Lightweight standout John Makdessi revealed that half of his gross fight purse from fighting at UFC 293 went towards a plethora of fees, the biggest being an absolutely insane 45% foreign federal tax charge.

Makdessi competed against Jamie Mullarkey during the prelim portion of the promotion’s return to Australia. The Bull’ came up short in his return to the Octagon, suffering a unanimous decision loss which would amount to his third defeat in his last four appearances. Following the contest, Makdess revealed, courtesy of a document shared by Bloody Elbow, that his fight purse dropped from $58,000 down to $28,461, a loss of nearly $30,000.

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John Makdessi reveals breakdown of UFC 293 fight purse

“I sacrificed my whole life for this sport and put everything on the line,” Makdessi wrote on X. “Damn Australian government and the judges robbed me pretty badly.”

A majority of Makdessi’s losses came from a federal tax charge that ate up 45% of his earnings, but fans online were quick to point out travel expenses totaling $2,428.75. That led many to believe the UFC was charging fighters for travel expenses when booked for cross-country or international events. However, Makdessi later clarified that the UFC covers travel costs for himself and one cornerman. If he brings additional cornermen with him, he is on the hook for those charges, but they come out of his fight purse.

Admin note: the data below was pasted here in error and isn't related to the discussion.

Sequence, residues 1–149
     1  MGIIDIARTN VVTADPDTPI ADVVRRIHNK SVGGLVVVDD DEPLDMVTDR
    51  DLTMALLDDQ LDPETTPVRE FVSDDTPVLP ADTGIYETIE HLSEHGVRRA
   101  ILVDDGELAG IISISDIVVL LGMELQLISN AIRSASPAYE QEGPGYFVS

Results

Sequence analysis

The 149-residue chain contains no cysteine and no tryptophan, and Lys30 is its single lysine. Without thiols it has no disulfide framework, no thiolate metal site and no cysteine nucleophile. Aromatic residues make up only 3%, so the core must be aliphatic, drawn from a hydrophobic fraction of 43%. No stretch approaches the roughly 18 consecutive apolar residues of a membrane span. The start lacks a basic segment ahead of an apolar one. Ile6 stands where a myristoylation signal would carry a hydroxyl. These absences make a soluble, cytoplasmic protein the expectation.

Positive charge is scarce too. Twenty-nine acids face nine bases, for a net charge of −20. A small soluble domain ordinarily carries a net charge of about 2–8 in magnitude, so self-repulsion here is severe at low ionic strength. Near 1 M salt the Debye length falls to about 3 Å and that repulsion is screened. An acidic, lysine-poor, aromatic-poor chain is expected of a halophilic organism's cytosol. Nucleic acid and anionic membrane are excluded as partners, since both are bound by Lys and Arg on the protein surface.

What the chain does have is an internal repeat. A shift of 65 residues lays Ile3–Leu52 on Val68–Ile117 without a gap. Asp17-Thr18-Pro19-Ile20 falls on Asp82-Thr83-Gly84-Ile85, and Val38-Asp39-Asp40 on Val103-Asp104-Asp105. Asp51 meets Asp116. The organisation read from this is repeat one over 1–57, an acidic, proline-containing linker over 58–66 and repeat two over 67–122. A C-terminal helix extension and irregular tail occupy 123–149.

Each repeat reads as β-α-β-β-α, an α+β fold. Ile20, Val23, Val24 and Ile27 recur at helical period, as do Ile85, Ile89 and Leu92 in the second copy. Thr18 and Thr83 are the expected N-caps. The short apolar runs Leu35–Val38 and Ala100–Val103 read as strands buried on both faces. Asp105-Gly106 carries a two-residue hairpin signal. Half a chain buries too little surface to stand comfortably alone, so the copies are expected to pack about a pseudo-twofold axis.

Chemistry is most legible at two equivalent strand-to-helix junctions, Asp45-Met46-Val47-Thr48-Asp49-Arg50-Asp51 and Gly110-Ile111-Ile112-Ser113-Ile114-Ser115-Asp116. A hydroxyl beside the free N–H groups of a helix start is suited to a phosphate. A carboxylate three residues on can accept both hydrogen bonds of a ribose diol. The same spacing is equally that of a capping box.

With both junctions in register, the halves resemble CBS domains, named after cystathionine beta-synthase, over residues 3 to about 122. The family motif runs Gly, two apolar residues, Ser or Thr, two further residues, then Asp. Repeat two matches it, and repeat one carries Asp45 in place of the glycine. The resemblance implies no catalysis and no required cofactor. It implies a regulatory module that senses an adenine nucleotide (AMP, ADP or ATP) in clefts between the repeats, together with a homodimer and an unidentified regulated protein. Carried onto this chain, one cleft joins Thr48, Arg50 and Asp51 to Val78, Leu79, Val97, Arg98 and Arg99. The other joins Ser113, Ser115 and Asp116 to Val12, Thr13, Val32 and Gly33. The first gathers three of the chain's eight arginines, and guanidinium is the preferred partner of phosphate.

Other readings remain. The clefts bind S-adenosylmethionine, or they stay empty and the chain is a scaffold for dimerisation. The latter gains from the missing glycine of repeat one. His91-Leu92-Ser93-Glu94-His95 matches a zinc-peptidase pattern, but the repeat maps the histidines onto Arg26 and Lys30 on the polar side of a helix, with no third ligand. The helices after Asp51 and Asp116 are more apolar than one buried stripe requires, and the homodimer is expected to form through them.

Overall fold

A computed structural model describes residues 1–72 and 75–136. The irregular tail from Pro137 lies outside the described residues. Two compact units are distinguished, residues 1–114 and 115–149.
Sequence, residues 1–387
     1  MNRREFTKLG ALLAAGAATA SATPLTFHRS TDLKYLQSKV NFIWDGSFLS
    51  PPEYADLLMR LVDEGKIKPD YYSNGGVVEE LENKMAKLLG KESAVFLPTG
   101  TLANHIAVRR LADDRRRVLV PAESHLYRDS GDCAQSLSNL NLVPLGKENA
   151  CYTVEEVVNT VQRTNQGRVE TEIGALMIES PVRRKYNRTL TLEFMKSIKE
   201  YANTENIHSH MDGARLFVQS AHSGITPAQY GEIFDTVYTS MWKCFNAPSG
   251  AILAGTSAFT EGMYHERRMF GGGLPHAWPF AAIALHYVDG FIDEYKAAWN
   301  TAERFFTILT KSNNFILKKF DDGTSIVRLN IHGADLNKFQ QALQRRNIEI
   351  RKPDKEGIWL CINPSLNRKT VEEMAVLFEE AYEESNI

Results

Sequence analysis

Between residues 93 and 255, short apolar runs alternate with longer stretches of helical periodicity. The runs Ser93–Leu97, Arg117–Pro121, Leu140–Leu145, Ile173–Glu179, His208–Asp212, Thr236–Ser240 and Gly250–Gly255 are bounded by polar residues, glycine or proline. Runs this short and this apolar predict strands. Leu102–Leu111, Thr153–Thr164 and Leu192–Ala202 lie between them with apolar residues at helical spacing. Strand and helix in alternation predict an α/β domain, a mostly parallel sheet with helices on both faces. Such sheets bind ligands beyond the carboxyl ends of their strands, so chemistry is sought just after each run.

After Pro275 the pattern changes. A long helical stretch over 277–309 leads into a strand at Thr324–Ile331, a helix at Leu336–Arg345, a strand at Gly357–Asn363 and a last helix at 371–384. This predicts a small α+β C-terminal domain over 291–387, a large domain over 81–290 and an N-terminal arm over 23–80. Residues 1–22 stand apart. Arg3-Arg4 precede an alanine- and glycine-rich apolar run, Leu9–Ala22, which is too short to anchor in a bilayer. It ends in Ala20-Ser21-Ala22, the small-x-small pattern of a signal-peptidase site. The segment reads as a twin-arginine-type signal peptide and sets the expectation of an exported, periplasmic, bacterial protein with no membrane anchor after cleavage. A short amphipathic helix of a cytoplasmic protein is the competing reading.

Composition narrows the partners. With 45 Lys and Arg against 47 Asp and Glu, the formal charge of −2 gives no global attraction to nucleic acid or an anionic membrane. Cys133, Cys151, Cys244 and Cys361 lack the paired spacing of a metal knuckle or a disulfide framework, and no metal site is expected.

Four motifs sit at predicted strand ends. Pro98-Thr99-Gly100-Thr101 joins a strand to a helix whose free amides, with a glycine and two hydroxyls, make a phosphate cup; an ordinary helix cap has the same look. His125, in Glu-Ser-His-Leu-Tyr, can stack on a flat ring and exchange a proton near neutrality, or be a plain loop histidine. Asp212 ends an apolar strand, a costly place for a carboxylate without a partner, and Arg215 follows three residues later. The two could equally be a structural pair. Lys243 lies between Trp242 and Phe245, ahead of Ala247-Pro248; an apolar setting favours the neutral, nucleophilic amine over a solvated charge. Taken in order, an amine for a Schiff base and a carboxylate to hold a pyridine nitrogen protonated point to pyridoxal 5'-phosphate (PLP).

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Another 743.03 went toward medical expenses which, again, caused fans to question why the UFC is charging fighters for medical.

Lightweight fighter Chase Hooper offered some insight into the deductions, revealing that fighters are responsible for the medical costs associated with getting licensed in a specific state or country.

“UFC pays for your flight plus one of your corners with the ability to have your other corner’s flights taken out of your check,” Hooper wrote on X. “It’s always been that way to my knowledge. The prefight medicals needed for licensing are on you to cover but are everything else after is covered.”

Craig Pekios is a freelance writer born and raised in Bettendorf, IA. Joining LowKick MMA in May 2022, Craig has more than 2,500 articles published that focus on the world of mixed martial arts and boxing, including news, event previews, results, analysis, and op-eds. Aside from working with LowKick MMA, Craig has contributed to news outlets Overtime Heroics, Sportskeeda, and MiddleEasy.